On July 12, 2005, about 1232 Atlantic standard time, a Bell 206B, N27VT, registered to J & A Development Corporation, experienced a hard landing following fuel exhaustion while repositioning the helicopter at Fernando Luis Ribas Dominicci Airport, San Juan, Puerto Rico. Visual meteorological conditions prevailed at the time and no flight plan was filed for the 14 CFR Part 91 local, personal flight. The helicopter was substantially damaged and the commercial-rated pilot and one passenger were not injured. The flight was originating at the time of the occurrence.

The pilot stated that earlier in the morning he flew with an individual for 1/2 hour, and following that flight secured the engine and waited for approximately 1 hour to allow the engine to cool down. Following that time, he started the engine in order to relocate the helicopter to the south side of the airport. While air taxiing, he suddenly saw the boost pump caution light illuminate followed by the engine out light and low rpm warning lights. He performed an autorotation on the south taxiway.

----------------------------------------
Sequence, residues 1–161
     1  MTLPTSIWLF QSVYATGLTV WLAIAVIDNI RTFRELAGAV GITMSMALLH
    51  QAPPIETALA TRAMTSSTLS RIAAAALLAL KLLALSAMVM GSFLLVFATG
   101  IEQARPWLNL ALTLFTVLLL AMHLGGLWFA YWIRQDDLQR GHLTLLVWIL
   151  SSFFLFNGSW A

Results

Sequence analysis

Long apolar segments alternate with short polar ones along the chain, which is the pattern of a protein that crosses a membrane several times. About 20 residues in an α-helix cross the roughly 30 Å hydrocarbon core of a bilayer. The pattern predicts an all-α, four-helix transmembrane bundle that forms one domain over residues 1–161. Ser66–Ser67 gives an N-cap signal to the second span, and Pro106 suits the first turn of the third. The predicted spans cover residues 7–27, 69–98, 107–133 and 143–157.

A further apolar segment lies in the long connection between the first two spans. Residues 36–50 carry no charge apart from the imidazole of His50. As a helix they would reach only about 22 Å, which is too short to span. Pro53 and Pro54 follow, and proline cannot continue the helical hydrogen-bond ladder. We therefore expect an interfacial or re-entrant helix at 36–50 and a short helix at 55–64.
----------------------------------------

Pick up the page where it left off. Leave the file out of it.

According to the passenger, while flying 10 feet above ground level the engine seemed to start losing power. The pilot maneuvered the helicopter into the wind while descending, and further reported that when the helicopter contacted the ground, the main rotor blade contacted the tailboom causing separation of it. The pilot then secured the helicopter and asked if he was OK. Both exited the helicopter, and rescue personnel assisted them promptly. The passenger also stated that the total flight time was approximately 20-30 seconds, and at no time did he perceive any visual or audio alarms, but he is not familiar with the helicopter or its systems.

According to the Federal Aviation Administration (FAA) inspector-in-charge (IIC) who examined the accident site and helicopter, and also talked with the pilot, the pilot reported to him that the purpose of the flight was to reposition the helicopter for fuel. The pilot reported to the FAA-IIC that during his preflight inspection, the fuel gauge indicated greater than 10 gallons of fuel. Postaccident examination of the helicopter revealed less than one ounce of fuel was drained from the fuel tank, and approximately 1 liter of fuel was drained from the fuel filter canister. The fuel quantity gauge was tested and was found to indicate correct when fuel was added in five gallon increments; a total of 15 gallons were added during the test.

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